All our counts superimposed on the same table. The upper left section is darker because it was counted twice.

There are exactly 6×8=48 of those, so we got 148.  But hey!  Now we’re on to something.  Say we just counted finger pairs this bad way, and subtracted off the actual number of fingers pairs (100)?  Then we’d have just the overcount—48, which is 6×8.  That’s how PHM works. The only thing left to see is how the 100 gets subtracted off.

How the hundred got subtracted off.

You don’t really have 10 fingers on each hand.  You have 5.

When we do PHM, we don’t multiply 10 by the number of imagined ‘up’ fingers, you do it by the actual number of up fingers, which is five less than the total.  So for each ‘count’, you leave off 5×10 = 50 pairs.  Since you do it for both hands, that means your total count is ‘low’ by 100—assuming you were trying to count the number of finger pairs you could make, if you had 10 fingers on each hand.  But that’s just the product of the original numbers.

Finally, the proof

Now we’re ready to do our algebra, and understand it.

We start with the number of imaginary up fingers, l and r, that we’d have if we had 10 fingers on each hand, and the number of down fingers, l_d=10-l and r_d = 10-r.

If we did all ten fingers, we’d do

Proof that the process we outlined earlier gets the actual number of finger pairs plus the over-count, 100+lr.

Then we’d have to subtract 100. But instead, we just just the real fingers we have, so we have fewer fingers ‘up’ on each hand: u_l=l-5, and u_r=r-5.

Now we have


And that’s it.  And now we know where each piece of the proof came from: the key is trying—and failing—to count the finger pairs of our imaginary hands. The 10 comes because you’re counting finger pairs on your imaginary hands (not because of base 10, which is a total distraction); holding just l-5 and r-5 fingers up is to ‘pre-subtract’ the correct count, 100; the d_r*d_l is to count the pairs that have down fingers.

I find this explanation quite satisfying.  How about you?

Some time soon, I hope to write a little about what I think this explanation says about mathematical understanding in general, and in algebraic derivations in particular.

When is a test "biased"?

Data Colada recently posted a comment (written by Uri Simonsohn) on a supposed ‘bias’ lurking a common default Bayesian alternative to the t-test.  Point #1 was that the Bayesian T-test is ‘biased’ against low power results. Several smart people have made sophisticated and pretty sensible critiques of Simonsohn’s arguments, which I won’t rehash here. Instead, I want to point out the obvious problem: the claim of ‘bias’ is based on choosing the sample size in a way that is, well, biased.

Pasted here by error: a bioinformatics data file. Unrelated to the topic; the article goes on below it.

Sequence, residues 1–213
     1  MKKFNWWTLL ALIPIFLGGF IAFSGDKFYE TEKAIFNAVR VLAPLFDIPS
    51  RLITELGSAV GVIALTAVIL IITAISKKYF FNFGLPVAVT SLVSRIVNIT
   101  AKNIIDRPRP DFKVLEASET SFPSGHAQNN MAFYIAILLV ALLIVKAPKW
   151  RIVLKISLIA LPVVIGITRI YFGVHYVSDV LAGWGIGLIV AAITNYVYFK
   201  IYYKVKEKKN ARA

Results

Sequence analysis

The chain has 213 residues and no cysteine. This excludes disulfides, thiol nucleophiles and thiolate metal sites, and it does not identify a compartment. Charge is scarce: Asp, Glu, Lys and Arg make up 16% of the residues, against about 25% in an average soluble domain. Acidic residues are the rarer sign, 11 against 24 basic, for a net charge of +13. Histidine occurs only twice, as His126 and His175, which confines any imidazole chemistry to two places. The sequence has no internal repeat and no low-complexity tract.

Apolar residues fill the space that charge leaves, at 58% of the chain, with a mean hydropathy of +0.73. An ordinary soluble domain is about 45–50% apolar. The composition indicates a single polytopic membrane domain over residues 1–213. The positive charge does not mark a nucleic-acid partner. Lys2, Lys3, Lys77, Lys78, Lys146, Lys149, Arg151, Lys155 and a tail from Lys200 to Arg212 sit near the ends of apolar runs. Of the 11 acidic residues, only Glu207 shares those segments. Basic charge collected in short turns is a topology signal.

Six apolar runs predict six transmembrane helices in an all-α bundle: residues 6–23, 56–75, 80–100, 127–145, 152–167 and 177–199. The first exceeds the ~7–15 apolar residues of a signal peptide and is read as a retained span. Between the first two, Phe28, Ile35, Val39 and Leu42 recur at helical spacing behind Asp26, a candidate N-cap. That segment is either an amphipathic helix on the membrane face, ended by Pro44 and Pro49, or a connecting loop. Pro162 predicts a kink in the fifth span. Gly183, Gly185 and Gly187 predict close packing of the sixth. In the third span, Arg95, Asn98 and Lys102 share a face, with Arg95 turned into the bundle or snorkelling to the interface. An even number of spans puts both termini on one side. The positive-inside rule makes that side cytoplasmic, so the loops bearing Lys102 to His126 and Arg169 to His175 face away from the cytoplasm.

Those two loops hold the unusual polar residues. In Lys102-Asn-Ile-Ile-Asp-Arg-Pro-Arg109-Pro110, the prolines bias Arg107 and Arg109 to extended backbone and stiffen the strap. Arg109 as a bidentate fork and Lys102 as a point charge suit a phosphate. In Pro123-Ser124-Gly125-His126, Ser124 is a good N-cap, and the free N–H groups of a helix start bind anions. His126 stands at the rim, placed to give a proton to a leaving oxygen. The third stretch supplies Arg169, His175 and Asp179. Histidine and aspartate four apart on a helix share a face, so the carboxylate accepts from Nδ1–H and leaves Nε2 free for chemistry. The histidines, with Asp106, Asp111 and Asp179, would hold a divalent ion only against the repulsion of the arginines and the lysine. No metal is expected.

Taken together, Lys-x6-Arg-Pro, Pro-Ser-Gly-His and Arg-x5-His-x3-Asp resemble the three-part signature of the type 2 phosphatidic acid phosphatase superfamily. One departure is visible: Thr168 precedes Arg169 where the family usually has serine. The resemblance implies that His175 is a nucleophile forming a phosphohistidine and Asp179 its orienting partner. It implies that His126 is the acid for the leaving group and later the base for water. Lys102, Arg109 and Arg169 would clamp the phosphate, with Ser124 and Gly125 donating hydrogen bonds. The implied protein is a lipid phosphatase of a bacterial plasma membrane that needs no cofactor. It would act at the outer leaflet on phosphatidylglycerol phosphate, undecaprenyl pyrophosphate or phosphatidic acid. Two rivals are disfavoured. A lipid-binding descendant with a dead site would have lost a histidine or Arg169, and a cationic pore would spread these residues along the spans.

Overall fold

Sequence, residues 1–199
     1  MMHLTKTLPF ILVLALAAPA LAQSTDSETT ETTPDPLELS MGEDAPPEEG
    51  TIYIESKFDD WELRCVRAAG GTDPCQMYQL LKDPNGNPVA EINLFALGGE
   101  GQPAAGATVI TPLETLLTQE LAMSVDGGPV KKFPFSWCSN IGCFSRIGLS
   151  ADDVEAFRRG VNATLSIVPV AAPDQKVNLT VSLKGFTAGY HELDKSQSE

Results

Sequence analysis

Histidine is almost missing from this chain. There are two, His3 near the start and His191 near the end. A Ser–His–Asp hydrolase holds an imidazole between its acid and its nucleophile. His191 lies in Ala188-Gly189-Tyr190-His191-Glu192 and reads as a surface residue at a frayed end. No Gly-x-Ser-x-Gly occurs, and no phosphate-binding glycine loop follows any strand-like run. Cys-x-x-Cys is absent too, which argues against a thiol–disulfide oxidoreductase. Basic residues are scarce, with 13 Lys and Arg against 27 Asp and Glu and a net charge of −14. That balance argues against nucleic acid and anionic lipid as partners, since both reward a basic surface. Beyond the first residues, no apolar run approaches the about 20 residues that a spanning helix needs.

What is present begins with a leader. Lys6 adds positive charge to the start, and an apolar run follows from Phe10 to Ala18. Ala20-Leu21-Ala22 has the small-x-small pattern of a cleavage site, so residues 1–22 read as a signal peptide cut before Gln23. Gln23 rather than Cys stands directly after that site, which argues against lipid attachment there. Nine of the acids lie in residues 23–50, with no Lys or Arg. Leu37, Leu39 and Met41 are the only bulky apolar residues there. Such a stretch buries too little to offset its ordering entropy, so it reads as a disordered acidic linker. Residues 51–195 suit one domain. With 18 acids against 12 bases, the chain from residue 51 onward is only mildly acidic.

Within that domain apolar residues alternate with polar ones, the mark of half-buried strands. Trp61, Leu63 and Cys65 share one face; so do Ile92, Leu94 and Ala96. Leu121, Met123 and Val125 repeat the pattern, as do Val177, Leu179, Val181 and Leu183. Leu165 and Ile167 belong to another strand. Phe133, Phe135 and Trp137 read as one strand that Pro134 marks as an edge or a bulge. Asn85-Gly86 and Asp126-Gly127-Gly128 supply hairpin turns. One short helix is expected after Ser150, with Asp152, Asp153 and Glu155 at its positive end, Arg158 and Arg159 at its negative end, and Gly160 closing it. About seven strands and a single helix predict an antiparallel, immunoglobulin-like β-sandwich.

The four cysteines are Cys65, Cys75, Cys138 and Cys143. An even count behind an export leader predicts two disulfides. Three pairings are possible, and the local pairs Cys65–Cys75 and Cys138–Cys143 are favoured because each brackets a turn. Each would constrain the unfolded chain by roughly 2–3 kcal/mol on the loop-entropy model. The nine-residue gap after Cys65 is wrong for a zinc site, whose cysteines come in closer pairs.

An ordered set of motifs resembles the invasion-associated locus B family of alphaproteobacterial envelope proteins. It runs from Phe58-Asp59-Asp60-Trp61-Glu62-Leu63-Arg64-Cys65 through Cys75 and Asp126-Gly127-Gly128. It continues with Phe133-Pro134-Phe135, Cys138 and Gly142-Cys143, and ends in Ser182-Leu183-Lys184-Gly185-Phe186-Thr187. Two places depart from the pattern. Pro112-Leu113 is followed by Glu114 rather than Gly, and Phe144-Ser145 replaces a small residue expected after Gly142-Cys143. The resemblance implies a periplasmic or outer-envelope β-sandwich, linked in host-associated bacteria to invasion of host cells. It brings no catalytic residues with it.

Here’s the central graph under contention.


Now, there are several things to notice. First, not only does the probability that the results support the null increase as the effect size goes down, the probability of the results supporting the alternative go down as well. This is barely noticeable in this graph, but that’s just a function of the particular power level the author chose.  With a power of 0.85 (which is a better estimate of what a person ought to be doing in their experiment anyway), the size of these changes is reversed; the probability of supporting the alternative decreases 5 points from .73 to .68, while the increase in the probability of supporting the null increases just 4 points, from .005 to .042.  I got these numbers using Simonsohn’s publicly available R code).  So it seems that only really low power tests are ‘biased’ against small effect sizes?

But this brings up the deeper question: why make this comparison at all? In particular, why use the notion of ‘power’ to set your sample size?   ‘Power’ is supposed to control for type II errors in a t test.  Why should it have any particular privileged status in setting the size of an experiment?  The answer is that it shouldn’t.  These two concepts have been juxtaposed here without any clear justification.  One could just  as easily choose sample sizes to keep a constant probability that the default test favors the null.  Then one would find that the t-test is ‘biased’ against large effect sizes, in that the power would be higher for small effects.

I might be missing something, but I don’t see what. You have different ways of using models to estimate the parameters for an experiment to control the probabilities of certain kinds of errors.  Parameters that control for one type of error won’t necessarily control for another, but it’s rather extreme to call this a ‘bias’.